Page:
A common problem in today's world is distraction - too many applications open, too many emails showing up, etc, etc. Large screens give a tremendous boost to productivity but this often turns into having more applications open distracting you. And let's not mention email, RSS feeds and IMs constantly chiming away.
Thanks to the wonderful design of Mac OSX there are several utilities available to help lessen the distractions by hiding all applications other than the one you are working on at the time. Some of them, like Think and Backdrop have one fatal flaw - they require you to use their custom application switcher to jump between your apps, rather than integrating with the operating system's built in one. Thankfully someone worked out a way to do it right and Isolator was born.
Isolator is a very simple application. It doesn't launch as another app in your dock, instead it sits in your (albeit overcrowded) menu bar, and provides only a few sparse settings - the background color to use, whether to make the backdrop opaque (so you can see the desktop underneath it), whether it should start when you log in or activate automatically, and what key shortcut should activate/deactivate it. Once activated, all but your current application are hidden and your chosen background color fills up behind the window(s).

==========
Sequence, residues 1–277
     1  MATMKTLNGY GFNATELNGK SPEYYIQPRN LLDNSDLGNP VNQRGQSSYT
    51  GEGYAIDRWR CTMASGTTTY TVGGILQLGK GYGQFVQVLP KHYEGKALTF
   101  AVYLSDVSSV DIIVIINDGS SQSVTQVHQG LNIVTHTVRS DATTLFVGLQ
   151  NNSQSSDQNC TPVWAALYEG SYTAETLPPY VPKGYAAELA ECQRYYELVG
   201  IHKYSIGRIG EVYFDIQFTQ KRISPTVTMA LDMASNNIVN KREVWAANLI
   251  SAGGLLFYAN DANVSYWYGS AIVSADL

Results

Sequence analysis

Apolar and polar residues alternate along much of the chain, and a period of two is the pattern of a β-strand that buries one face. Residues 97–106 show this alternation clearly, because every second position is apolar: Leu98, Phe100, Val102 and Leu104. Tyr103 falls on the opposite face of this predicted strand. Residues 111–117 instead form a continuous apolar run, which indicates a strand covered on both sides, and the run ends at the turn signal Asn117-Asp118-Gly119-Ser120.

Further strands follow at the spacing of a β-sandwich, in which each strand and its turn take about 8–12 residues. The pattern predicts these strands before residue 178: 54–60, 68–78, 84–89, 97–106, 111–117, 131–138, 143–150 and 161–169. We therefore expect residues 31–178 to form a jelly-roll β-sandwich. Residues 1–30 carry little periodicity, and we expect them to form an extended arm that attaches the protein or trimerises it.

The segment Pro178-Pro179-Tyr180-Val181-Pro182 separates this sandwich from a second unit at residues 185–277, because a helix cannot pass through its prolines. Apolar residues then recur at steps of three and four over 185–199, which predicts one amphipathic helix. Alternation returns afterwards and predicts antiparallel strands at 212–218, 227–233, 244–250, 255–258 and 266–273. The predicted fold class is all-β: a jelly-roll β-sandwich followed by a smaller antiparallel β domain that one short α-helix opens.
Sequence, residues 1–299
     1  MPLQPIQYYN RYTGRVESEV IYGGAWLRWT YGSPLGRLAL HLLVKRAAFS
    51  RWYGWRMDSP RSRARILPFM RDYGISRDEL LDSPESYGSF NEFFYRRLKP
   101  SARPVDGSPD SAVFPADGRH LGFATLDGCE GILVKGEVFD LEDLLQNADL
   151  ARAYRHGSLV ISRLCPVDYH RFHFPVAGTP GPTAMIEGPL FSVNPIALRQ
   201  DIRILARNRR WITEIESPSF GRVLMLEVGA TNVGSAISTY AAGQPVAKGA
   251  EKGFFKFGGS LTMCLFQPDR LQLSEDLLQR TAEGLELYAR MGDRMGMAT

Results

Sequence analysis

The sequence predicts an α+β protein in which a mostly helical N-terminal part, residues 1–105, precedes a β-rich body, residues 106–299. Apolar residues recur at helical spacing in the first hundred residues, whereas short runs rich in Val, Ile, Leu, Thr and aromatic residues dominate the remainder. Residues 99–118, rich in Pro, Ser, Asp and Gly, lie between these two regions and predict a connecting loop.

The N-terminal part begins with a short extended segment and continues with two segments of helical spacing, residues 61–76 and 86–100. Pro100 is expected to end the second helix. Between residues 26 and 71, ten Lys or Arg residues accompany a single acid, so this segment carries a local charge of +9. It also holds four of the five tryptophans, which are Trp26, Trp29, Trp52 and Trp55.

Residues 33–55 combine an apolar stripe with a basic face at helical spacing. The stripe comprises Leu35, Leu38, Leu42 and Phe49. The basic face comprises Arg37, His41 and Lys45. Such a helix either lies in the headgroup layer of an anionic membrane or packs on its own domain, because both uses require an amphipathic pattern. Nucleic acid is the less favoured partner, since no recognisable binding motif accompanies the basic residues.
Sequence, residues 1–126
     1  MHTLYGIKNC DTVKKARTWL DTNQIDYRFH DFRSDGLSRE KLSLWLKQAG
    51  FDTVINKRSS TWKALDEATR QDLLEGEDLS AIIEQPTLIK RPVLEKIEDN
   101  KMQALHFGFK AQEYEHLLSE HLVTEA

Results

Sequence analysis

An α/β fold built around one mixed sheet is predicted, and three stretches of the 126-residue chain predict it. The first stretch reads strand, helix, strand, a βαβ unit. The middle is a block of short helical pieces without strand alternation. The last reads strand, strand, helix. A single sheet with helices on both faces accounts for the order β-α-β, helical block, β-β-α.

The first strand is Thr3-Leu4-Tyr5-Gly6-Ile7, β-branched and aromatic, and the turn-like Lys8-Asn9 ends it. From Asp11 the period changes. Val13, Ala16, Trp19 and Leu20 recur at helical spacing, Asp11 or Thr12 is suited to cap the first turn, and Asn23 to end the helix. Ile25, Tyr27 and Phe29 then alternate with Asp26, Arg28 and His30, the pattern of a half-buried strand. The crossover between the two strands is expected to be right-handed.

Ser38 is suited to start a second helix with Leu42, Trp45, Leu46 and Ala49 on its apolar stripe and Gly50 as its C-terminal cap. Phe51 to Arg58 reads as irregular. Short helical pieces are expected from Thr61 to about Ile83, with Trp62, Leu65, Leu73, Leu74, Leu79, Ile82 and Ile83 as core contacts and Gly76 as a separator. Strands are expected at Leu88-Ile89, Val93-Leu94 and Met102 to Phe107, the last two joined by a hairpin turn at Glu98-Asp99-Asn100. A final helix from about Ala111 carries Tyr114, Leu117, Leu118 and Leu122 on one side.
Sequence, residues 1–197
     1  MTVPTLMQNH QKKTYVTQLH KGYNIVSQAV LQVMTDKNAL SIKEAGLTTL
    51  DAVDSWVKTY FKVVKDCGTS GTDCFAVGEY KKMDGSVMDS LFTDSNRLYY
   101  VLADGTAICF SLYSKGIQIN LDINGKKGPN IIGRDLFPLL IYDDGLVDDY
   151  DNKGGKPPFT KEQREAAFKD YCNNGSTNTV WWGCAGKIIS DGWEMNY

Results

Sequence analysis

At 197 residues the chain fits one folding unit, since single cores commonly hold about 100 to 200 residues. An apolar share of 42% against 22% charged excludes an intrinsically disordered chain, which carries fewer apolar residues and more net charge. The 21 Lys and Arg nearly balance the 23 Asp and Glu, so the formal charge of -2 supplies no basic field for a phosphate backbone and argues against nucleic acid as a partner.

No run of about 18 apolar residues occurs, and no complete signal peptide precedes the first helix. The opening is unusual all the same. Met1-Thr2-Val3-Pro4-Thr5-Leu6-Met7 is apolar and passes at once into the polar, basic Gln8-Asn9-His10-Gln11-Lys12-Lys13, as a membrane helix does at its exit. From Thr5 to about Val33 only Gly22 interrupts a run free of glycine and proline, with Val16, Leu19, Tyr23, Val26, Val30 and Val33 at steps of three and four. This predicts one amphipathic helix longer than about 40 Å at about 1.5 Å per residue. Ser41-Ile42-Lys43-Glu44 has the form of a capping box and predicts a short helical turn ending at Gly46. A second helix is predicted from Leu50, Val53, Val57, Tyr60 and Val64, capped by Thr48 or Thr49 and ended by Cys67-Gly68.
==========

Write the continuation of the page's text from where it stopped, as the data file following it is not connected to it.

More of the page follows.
Having only used it for a short while I can't proclaim how it has saved me x hours per week or saved the lives of thirty-three cats, but even after my limited use it looks to be an app well worth using. And, given its cost there's no excuse for not trying it (presuming you use a Mac).